August 27, 2003


Unlike the storied Douglas MacArthur, the popular general who was fired by President Harry Truman during the Korean War, veteran Northwest Side state Representative Ralph Capparelli (D-15) apparently has no intention of fading away. "I'm running for re-election," Capparelli said.

But as Capparelli, first elected in 1970, ponders using all or part of his $974,000 campaign warchest to run for an 18th term in 2004 in the 20th District, the attitude of Republican Mike McAuliffe, the incumbent state representative in the 20th District, is expressed succinctly: "If he wants to beat me, he's going to have to spend it all," said McAuliffe.

"He can't let go," one prominent area Democrat said of Capparelli. As the dean of the Illinois House, as the deputy House majority leader, and as the 41st Ward Democratic committeeman, Capparelli, age 79, has long thought himself to be indispensable. But with a Democratic governor and a 66-52 House Democratic majority, the return of Capparelli to Springfield for the 2005-06 session is a priority of absolutely nobody except Capparelli. He's now very dispensable.

For over three decades, Capparelli was safely ensconced in his Far Northwest Side district, and Springfield Democrats, including Speaker Mike Madigan, feared that if he quit the seat would go to a Republican, so they wouldn't let him go.

In 2002, after Madigan redrew legislative district lines to ensure a Democratic House majority for the next decade, Capparelli made a fateful decision. He decided to run in the adjacent 15th District, a newly created district centered on the 39th and 40th wards, rather than in the 20th District, where he lived, centered on the 41st and 36th wards and Norwood Park Township.

Capparelli ran in the 15th District, which contained part of his old 13th District, in order to let his buddy, state Representative Bob Bugielski, run in the 20th District. With Capparelli out and Bugielski in, McAuliffe opted to run in the 20th District, and not in a suburban district. McAuliffe campaigned hard, pummeled Bugielski as a tax-hiker, and won the seat by 2,583 votes. Thus, the Democrats' longtime fear was realized: Without Capparelli, they lost the seat.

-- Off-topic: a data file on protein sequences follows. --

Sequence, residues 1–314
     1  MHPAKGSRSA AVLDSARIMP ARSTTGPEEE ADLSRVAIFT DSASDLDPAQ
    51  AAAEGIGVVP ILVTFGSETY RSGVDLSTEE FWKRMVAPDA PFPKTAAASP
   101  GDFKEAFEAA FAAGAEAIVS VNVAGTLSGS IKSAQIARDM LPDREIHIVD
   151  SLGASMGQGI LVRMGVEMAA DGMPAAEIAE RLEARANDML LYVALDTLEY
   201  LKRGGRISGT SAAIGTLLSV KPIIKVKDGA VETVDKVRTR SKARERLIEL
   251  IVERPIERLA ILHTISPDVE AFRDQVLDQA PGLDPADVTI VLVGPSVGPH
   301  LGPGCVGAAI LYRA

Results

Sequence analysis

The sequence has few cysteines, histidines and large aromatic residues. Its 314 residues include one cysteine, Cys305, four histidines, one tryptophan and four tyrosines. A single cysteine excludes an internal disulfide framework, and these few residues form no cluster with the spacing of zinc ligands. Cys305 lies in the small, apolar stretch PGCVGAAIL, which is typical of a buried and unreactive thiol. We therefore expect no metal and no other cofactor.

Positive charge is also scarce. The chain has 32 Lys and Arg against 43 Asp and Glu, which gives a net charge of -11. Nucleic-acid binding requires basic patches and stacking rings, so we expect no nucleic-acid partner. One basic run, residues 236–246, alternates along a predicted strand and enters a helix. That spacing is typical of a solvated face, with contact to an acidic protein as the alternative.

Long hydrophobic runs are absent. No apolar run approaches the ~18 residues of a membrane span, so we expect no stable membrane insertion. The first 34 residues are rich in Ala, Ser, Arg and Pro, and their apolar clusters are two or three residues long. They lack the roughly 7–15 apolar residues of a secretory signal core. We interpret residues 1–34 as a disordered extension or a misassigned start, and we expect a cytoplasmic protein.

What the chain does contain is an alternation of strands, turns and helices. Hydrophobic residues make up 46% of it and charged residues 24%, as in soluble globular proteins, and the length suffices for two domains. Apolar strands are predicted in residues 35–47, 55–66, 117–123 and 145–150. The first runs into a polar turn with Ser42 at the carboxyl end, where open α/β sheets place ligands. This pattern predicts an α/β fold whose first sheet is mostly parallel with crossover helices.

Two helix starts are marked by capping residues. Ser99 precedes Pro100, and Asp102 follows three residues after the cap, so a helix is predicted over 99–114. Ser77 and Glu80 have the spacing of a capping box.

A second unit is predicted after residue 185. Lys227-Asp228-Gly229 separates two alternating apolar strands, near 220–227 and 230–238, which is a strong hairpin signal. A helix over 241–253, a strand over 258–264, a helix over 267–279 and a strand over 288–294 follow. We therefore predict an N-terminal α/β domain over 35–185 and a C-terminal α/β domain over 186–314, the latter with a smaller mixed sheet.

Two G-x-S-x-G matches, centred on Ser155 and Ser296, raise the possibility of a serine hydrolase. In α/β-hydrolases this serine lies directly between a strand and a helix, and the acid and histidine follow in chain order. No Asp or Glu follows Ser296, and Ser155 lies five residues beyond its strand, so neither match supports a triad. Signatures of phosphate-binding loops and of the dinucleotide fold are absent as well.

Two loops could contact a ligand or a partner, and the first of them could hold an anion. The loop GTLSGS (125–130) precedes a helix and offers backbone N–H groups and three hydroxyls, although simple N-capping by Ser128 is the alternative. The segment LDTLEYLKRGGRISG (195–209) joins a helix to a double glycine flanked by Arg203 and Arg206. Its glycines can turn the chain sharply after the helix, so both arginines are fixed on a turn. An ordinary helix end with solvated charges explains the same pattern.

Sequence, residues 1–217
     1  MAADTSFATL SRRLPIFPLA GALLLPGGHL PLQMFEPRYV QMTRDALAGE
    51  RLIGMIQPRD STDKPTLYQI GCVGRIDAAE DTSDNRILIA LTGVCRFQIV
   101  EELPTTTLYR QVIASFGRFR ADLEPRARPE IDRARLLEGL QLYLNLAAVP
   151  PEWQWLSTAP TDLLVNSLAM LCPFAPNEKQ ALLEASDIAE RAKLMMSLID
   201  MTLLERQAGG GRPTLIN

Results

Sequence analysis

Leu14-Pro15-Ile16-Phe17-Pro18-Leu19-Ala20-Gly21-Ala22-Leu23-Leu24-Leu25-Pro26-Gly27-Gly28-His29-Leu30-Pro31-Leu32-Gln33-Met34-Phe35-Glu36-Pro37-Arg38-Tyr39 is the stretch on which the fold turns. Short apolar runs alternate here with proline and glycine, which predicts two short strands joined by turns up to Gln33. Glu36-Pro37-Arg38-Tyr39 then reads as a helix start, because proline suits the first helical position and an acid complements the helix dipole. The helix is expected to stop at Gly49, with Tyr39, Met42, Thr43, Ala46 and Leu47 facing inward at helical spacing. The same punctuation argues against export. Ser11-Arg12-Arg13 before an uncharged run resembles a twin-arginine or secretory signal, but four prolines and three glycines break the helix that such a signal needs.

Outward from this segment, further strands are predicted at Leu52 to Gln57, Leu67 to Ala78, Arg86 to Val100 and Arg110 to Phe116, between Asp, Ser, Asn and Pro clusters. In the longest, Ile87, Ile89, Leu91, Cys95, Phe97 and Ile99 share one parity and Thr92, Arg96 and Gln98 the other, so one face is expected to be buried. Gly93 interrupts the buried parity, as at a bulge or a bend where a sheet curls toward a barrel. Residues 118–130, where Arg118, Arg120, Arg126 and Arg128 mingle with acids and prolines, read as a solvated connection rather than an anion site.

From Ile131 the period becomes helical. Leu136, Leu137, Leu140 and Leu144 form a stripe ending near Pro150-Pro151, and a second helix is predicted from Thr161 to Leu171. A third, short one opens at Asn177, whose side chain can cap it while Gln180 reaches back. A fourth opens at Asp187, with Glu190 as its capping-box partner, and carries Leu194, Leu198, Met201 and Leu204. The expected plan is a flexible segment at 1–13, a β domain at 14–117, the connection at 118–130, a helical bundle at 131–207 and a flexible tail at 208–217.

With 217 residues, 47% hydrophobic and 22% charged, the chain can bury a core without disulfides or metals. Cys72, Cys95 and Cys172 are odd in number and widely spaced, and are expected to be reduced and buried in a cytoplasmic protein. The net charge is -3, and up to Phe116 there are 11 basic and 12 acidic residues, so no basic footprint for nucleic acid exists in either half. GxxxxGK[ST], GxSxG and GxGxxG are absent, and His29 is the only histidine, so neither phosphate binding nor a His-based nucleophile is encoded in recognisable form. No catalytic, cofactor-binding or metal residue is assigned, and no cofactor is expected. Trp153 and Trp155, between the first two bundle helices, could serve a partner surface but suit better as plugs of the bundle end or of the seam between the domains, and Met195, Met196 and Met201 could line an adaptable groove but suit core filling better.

Capparelli could have kept the 15th District seat forever, provided he moved into the district. But he didn't, so now, to stay in Springfield, he must beat McAuliffe.

And, as Capparelli embarks on what will be a Herculean battle, five relevant aspects must be considered:

First, Madigan and the Democrats don't need to beat McAuliffe to keep their majority, so they're not going to fund Capparelli. If Capparelli runs, he'll have to self-fund his campaign.

Second, Capparelli could retire and pay that $974,000 to himself. After paying income tax, he would net $600,000. If he runs and spends it, in effect two of every three dollars will come out of his pocket.

Third, Capparelli's great appeal has always been his fiscal and social conservatism and his aversion to supporting any tax hike. Be assured that McAuliffe will thoroughly research Capparelli's record and that he will find some tax-hike votes. As shown in the adjoining vote chart, this year Capparelli voted to increase the riverboat casino tax, increase state liquor license fees, increase 90 various state fees, and impose a sales tax on aircraft sales.

In 2002 McAuliffe made Bugielski appear as the "Abominable Taxman," and it was fatal. McAuliffe surely will unearth upwards of 100 Capparelli votes for tax and fee hikes over the past 33 years, and he'll go negative on his opponent. Does Capparelli really have the desire to accept that kind of abuse? And does he have the fortitude to reciprocate and go negative on McAuliffe?

Fourth, what is the rationale for another Capparelli term? McAuliffe, age 39, is young, vigorous, and just as conservative as Capparelli. He is a "lifer," a politician who will serve in the General Assembly for his whole life and who has no ambition for higher office. McAuliffe has served since 1996 and, over time, he will accumulate more seniority and clout, which will help his district. So Capparelli must convince voters to give him, at age 79, another term or two, rather than retain the younger and more vigorous McAuliffe.

 And lastly, there's ego. Does Capparelli really want to risk ending his long career with a defeat?

Included in the adjoining vote chart for the 2003 session are five area Democrats -- Capparelli, Joe Lyons (D-19), John Fritchey (D-11) and Rich Bradley (D-40), all of Chicago, and Lou Lang (D-16) of Skokie -- and two Republicans -- McAuliffe of Chicago and Rosemary Mulligan (R-65) of Des Plaines. All except Lang and Mulligan are "House lifers." Lang, who briefly ran for governor during 2001, likely will run for state treasurer in 2006. Mulligan covets Henry Hyde's (R-6) congressional seat, and she will run for it when Hyde retires.

 The representatives voted alike on about two-thirds of all 2003 roll calls, but major differences surfaced on the SBC rate hike (Capparelli, Fritchey and Lyons opposed it), the riverboat casino tax hike (Lang and McAuliffe opposed it), the state fee hikes (Lang and Mulligan opposed them), and the inclusion of contraceptives under prescription drug coverage for state insurers (Capparelli and Lyons opposed that). Either Capparelli or McAuliffe won't be back in 2005, but the other incumbents are secure in 2004, and Democrat John D'Amico will win Capparelli's 15th District seat.